The Republic of Turkey belongs to the category of economically developing countries. Although the infrastructure and industries of developing countries are more backward than those of developed countries, some developing countries, such as Turkey, aim to catch up with developed countries with their investments. Given these investments and opportunities, the logistics sector could not be ignored for Turkey, which geographically connects Europe and Asia. Some planned projects aim to turn Turkey into a regional logistics center.


İstanbul Airport



If we talk a little about these projects, Istanbul Airport comes first. This giant airport, built on the European side of Istanbul and on the Black Sea coast, was opened for use in 2018. When all stages are completed, it will be able to serve an area of 76.5 km², with 2 terminals that can be increased to an annual capacity of 200 million passengers and six independent runways. Although the number of flights decreased with the emergence of the pandemic, the number of flights using Istanbul Airport has increased again as the impact of the pandemic has decreased and people have returned to their travel and consumption habits more intensively.

Many important domestic and foreign companies providing services in the fields of cargo, logistics and temporary storage are located in the Cargo and Logistics Center. Parking positions for this center, where more than 30 wide-body cargo planes can dock at the same time, are located in front of the warehouses. The efficient operations infrastructure that provides access to passenger terminals and remote parking areas from these points also offers great convenience. The airside service tunnels, which run under the runway and taxiways to ensure a seamless connection, are unaffected by aircraft traffic, and the structure stands out with its functionality.

Turkey’s other mega project is Canal Istanbul. Basically, it is a waterway planned to be opened as an alternative to the Bosphorus. The Bosphorus, through which approximately 43,000 ships pass annually, is a natural waterway with the narrowest point of 698 meters. The increase in the tonnage of ship traffic, the increase in the size of ships as a result of technological developments, and especially the increase in the passage of ships (tankers) carrying fuel, oil, and other similar hazardous/toxic substances pose great pressure and threat on Istanbul. In this context, the purpose of Canal Istanbul is both to protect Istanbul and to generate revenue from this canal. Due to international agreements, the Turkish government cannot earn any revenue from the ships passing through the strait, but the costs increase for logistics companies due to the waiting times, which in some cases can last for days or even weeks. In this way, Turkish government officials explain that Canal Istanbul will be a sensible investment and that it will certainly not harm the environment.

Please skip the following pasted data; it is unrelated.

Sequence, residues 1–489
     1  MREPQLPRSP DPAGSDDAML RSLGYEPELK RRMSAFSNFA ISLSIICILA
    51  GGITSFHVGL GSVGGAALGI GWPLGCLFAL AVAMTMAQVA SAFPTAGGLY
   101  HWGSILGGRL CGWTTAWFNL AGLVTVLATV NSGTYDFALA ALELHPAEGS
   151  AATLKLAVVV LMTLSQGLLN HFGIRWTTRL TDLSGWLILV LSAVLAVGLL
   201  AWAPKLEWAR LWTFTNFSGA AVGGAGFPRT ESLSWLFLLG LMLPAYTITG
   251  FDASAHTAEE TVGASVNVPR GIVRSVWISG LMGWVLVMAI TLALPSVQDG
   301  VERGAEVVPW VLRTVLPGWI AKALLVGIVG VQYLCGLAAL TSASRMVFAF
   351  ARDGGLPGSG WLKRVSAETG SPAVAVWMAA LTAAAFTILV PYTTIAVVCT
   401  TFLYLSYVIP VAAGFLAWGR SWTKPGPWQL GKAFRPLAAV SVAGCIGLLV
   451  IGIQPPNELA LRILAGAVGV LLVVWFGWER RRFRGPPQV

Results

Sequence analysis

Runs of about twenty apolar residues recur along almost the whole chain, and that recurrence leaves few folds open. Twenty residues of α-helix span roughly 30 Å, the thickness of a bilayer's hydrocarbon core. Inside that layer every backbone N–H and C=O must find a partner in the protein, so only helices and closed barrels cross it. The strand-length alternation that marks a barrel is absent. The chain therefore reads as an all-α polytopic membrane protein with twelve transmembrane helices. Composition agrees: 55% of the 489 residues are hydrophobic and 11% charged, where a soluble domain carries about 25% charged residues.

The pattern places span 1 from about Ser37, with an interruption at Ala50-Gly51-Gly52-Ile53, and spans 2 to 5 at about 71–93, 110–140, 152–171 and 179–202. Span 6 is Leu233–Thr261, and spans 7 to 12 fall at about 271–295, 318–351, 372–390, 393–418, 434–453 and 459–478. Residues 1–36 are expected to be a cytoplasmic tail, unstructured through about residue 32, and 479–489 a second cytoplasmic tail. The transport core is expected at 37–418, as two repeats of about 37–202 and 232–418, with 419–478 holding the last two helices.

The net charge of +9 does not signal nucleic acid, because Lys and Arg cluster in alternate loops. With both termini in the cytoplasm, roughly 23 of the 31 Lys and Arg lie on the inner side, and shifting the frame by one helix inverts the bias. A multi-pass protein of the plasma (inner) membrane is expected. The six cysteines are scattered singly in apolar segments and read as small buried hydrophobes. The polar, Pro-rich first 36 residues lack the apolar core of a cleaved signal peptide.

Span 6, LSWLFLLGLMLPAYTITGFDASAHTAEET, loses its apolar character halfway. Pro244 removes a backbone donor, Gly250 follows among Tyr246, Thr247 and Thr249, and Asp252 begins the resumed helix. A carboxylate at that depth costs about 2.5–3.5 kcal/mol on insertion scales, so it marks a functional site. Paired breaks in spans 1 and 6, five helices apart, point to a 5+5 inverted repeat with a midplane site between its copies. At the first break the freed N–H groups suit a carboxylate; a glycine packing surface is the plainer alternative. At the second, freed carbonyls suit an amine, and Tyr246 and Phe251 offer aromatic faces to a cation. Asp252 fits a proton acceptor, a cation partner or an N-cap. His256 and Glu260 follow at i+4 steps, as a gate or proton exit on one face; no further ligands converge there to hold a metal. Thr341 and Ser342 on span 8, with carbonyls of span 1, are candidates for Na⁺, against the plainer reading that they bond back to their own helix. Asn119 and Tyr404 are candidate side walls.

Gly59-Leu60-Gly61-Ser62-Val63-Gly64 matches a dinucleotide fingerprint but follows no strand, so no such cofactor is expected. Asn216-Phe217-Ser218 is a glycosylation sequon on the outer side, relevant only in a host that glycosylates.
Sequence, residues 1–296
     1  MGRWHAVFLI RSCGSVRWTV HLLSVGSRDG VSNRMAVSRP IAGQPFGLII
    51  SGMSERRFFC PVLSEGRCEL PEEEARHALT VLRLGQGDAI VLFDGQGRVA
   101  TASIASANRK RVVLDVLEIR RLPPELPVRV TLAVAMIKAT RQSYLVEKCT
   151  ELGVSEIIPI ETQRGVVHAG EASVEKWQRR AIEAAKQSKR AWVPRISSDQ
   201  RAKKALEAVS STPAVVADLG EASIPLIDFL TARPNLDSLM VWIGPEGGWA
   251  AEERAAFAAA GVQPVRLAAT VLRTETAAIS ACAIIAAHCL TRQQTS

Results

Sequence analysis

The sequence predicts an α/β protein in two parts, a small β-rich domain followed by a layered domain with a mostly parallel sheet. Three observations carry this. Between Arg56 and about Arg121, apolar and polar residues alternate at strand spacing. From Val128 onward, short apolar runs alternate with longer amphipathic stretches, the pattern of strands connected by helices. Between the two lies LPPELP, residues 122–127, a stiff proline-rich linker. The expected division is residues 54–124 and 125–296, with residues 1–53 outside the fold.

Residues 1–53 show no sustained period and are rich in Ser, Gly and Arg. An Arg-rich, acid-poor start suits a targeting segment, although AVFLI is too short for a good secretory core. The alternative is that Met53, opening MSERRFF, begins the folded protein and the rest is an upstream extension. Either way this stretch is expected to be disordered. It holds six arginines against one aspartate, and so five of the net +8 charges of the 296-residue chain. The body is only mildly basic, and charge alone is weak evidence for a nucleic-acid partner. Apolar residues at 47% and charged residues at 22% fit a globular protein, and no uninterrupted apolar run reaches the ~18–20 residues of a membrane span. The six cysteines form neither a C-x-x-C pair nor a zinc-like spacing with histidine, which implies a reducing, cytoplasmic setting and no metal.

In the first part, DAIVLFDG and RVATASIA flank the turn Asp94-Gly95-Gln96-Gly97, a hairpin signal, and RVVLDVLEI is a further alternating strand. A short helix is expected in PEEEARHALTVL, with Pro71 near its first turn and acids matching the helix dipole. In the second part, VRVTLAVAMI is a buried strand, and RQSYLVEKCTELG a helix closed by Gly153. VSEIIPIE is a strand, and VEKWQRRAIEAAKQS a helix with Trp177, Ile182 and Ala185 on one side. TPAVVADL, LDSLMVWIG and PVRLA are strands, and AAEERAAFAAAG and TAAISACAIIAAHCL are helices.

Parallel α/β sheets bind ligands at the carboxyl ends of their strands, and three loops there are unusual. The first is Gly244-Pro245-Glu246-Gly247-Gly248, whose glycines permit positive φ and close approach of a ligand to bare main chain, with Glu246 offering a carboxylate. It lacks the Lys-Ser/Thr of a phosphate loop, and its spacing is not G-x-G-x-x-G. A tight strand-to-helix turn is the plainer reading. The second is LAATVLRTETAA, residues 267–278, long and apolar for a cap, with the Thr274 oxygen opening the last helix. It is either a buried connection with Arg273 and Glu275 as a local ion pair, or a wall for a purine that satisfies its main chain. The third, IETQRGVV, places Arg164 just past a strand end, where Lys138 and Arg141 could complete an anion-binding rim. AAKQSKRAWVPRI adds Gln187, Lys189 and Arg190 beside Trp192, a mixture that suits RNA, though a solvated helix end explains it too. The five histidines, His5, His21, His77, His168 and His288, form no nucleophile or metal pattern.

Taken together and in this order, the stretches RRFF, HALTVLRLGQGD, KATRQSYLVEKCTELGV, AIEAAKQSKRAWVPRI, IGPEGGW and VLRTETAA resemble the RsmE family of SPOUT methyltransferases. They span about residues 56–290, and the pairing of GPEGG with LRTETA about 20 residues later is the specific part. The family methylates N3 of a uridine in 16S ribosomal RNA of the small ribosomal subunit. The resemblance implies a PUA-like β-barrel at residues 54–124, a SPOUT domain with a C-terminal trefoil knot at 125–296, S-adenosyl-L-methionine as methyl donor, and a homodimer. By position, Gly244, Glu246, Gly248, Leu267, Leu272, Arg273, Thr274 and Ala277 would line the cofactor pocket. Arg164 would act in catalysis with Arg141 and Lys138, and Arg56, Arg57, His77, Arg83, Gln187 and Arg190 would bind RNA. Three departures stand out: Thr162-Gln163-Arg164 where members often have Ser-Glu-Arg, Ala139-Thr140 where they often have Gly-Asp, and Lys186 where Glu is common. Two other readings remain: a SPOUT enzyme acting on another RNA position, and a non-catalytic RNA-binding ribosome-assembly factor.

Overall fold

Canal İstanbul



While talking about these projects, it would be impossible not to mention the roads built and planned to be built. Stating that the government aims to increase the quality of highway service with new investments to provide more uninterrupted and comfortable transportation, officials said that Turkey will increase its divided road network from 28,650 kilometers to 38,000 kilometers and its highway network from 3,633 kilometers to 8,325 by 2053.

Considering that Turkey is surrounded by the sea on 3 sides, we need to emphasize the importance of maritime transportation. With a total of 217 ports or piers, Turkish coasts are very valuable for the sustainability of the country’s logistics. The expected cargo transport through Turkish ports will be 255 million tons next year and this figure will be about 421 million tons in 2053, government officials said, adding that the number of ports will increase from the current 217 to 255 in 2053.


Turkish harbour



Looking at these medium and long-term investments, it is not difficult to foresee that Turkey will become a more important logistics center in its region.

Anna Melounová | 1. aug 2022